Since Hamas took over Gaza in 2006, Israel has allowed Palestinians to cross through Erez only based on “specific Israeli-defined categories,” according to the Office for the Coordination of Humanitarian Affairs (OCHA) in the occupied territories.

Patients in Gaza are referred to hospitals in East Jerusalem when they require treatments that aren’t available in most of the occupied territories, due to Israel’s restrictions on goods, including medicine and medical equipment, as well as fuel for electricity. According to OCHA, most referrals are for cancer treatment.

Based on data collected by Gisha, an Israeli rights group that focuses on freedom of movement in and out of Gaza, in 2018, a total of 103,325 Palestinians were allowed to exit Gaza through the Erez Crossing, of which 30,174 were patients and their companions. The resulting average of exits per month last year was higher than in 2017, but lower than the monthly averages for 2015 and 2016.

The Israeli military administration that oversees the occupation of the Palestinian territories (COGAT) did not respond to a request for comment at the time of publication. Should one be received, it will be added here.

Amjad Yaghi is a journalist from Gaza.

The post Palestinian battling cancer is denied exit from Gaza for treatment appeared first on +972 Magazine.

Ethnic Studies Could Become a High School Requirement in California

By Marielena Castellanos

Participants in the Chicano Movement march in Los Angeles. Photo Credit: Courtesy photo

An effort to engage students of color in the state’s high schools is underway with a newly proposed state bill to make ethnic studies a high school graduation requirement across the state.

Assemblymember Jose Medina from Riverside, who is a former high school teacher, along with five other state representatives including San Diego Assembly Member Shirley Weber introduced Assembly Bill (AB) 331 at the state Capitol at the end of last month.

If approved, the bill would require high school students to take an ethnic studies course beginning in the 2023-24 school year. The curriculum would be developed by the Instructional Quality Commission and would be modified or revised by the State Board of Education.

“Knowledge of our history plays a critical role in shaping who we become. When I was growing up, the history of those who look like me was not represented in the classroom. As a former Ethnic Studies teacher, I saw firsthand how much more engaged my students were when they saw themselves reflected in the coursework,” said Assembly Member Medina.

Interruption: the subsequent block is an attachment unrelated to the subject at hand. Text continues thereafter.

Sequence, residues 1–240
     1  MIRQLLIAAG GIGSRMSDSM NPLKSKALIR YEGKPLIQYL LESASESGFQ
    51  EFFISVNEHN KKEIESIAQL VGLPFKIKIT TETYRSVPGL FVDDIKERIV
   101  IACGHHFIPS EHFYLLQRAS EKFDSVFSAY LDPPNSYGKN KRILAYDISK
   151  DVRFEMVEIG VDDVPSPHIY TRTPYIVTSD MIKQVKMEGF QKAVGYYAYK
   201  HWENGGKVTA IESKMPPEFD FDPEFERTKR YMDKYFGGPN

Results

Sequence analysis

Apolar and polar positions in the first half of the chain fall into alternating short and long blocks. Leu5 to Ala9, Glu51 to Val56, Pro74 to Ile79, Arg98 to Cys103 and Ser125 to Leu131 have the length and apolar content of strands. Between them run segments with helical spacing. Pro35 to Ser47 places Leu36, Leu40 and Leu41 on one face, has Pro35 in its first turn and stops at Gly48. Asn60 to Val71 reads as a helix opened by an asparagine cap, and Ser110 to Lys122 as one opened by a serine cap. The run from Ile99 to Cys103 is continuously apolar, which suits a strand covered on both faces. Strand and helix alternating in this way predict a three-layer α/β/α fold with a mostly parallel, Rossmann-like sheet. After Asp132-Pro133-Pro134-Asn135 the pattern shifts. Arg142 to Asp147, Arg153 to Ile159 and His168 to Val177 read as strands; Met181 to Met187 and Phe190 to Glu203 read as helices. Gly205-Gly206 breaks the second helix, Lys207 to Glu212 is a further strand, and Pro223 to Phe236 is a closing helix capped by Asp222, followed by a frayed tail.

A similar bill, also introduced by Medina, was almost passed last year, but was vetoed by then Governor Jerry Brown.

Governor Brown said some school districts already required ethnic studies and that he was reluctant to implement another requirement in fear of overburdening high school students, as his reasons for opposing the bill.

The Mercury News reported last August that a pilot program was passed instead, allowing a small number of school districts to choose to make ethnic studies a graduation requirement. The schools will apply for the program this year and are expected to report their findings in 2024.

Governor Brown did approve legislation back in 2016 to develop an ethnic studies curriculum for high schools in the state, but it is not a requirement.

Last year, students of color made over half of the state’s 6.2 million population enrolled in public schools. More than two million of those students speak a language other than English in their homes.

“At a time when the national climate drives divisiveness and fear of otherness, Ethnic Studies can play a critical role in increasing awareness and understanding,” Assemblymember Medina also said. He added, “California is one of the most diverse states in the country and we should celebrate that diversity by teaching a curriculum that is inclusive of all of our cultures and backgrounds.”

A recent review of research on ethnic studies programs and curricula commissioned by the National Education Association (NEA) stated ethnic studies grew from a desire to counterbalance both inaccuracies and the predominance of Euro-American perspectives that underlie mainstream curricula and also as a means to engage students of color.